Breathing, Sleeping

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Do dolphin have gills? No. They are not fish. They can't stay underwater forever, the way fish do. They must come to the surface to breathe, just like we would. If they can't (if, for example, they were caught in a fishing net), they would drown, just like we would. They are mammals and breathe with lungs, just like all mammals do.

How long can they hold their breath? As long as 15 minutes. By contrast sperm whales can stay down as long as an hour or more. Most humans would only last a minute or two, without a lot of training. Fortunately for those of us who enjoy watching them, the dolphin ordinarily don't stay down more than a half a minute or so. The blowhole on their back makes it possible for them to roll up to the surface, exhale and inhale, then roll back down below the surface. Occasionally, we hear them getting choked with water in their blowhole and they will stay at the surface, coughing, until they clear their airway.

So how do they stay down so long? One reason is that when they breathe, they exchange a much higher percentage of their lung volume than we do. Scientists think that they can exchange over 70% of the air in their lungs, while humans normally exchange less than 20% in a normal breath.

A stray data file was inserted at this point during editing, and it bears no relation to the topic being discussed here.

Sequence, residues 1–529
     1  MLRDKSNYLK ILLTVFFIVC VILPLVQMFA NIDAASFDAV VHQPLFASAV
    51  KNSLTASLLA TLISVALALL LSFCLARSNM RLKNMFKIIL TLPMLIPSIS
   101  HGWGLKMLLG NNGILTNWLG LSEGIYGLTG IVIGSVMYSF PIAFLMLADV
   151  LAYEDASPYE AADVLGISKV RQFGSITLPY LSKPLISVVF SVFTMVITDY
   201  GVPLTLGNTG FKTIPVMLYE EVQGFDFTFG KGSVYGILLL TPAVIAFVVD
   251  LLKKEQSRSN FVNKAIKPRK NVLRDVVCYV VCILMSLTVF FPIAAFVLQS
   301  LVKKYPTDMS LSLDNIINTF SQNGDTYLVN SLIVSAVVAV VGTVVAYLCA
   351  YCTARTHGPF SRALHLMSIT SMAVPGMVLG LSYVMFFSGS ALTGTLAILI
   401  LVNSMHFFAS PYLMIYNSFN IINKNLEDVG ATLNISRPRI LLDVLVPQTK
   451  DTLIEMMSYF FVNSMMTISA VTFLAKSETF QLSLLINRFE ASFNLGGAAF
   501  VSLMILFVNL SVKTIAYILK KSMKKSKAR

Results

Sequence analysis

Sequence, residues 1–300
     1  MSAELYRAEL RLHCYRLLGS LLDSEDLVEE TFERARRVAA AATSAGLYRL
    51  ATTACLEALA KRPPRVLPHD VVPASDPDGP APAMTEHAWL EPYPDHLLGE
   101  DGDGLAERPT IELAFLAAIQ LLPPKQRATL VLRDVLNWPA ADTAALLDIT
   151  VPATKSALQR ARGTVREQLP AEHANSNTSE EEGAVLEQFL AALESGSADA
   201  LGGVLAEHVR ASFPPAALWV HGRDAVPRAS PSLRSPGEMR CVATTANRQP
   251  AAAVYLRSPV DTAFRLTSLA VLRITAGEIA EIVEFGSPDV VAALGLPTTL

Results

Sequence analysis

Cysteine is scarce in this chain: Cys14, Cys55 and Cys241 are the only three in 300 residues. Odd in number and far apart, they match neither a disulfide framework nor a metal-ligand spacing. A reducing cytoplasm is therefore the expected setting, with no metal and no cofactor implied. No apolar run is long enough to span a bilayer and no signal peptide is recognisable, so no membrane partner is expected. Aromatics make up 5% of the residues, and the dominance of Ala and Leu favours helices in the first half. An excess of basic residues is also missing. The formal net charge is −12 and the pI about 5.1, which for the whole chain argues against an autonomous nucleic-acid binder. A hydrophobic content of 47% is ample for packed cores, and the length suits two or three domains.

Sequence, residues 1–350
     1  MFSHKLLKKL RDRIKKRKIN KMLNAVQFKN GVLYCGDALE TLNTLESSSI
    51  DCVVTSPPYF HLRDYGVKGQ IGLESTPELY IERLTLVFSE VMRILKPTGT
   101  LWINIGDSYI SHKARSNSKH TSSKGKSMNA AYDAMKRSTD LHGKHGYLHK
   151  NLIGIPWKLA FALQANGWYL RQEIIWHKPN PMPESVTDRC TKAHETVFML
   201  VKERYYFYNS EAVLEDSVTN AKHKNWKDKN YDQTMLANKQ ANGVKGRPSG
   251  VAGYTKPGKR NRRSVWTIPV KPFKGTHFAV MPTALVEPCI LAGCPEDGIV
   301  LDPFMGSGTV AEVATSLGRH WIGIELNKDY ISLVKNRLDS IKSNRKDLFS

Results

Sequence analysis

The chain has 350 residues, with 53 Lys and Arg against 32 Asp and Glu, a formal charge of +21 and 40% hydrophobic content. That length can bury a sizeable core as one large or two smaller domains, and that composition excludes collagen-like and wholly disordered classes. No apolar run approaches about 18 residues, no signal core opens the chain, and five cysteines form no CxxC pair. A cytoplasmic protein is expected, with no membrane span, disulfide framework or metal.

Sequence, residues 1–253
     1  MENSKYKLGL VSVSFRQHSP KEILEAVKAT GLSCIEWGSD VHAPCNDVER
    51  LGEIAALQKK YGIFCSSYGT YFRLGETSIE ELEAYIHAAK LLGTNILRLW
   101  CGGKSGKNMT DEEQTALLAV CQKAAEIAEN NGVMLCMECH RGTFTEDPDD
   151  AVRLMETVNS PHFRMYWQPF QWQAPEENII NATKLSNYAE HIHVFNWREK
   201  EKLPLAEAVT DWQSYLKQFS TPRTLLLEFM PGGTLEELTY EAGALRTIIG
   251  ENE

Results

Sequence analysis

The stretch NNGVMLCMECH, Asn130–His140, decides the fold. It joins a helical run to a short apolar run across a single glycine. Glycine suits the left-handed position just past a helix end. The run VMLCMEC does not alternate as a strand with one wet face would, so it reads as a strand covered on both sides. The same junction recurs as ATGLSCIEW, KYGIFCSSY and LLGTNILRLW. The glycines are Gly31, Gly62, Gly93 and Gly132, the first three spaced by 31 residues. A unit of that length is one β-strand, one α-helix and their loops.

Oh, and don't get too close. When they come to the surface, they clear that water pretty quickly (like about 100 miles per hour!) which sometimes makes for a large spray. You don't want to get covered in "dolphin snot"! They have a lot of nerves around their blow holes, which are very sensitive. So, they don't like to be touched anywhere near their blowholes.

So, how do they sleep? Well, the answer is that we aren't sure, but there is a popular theory that only one side of their brain will sleep at a time - the other side continuing the normal waking functions. Just imagine how much homework you could do, if you never had to sleep!

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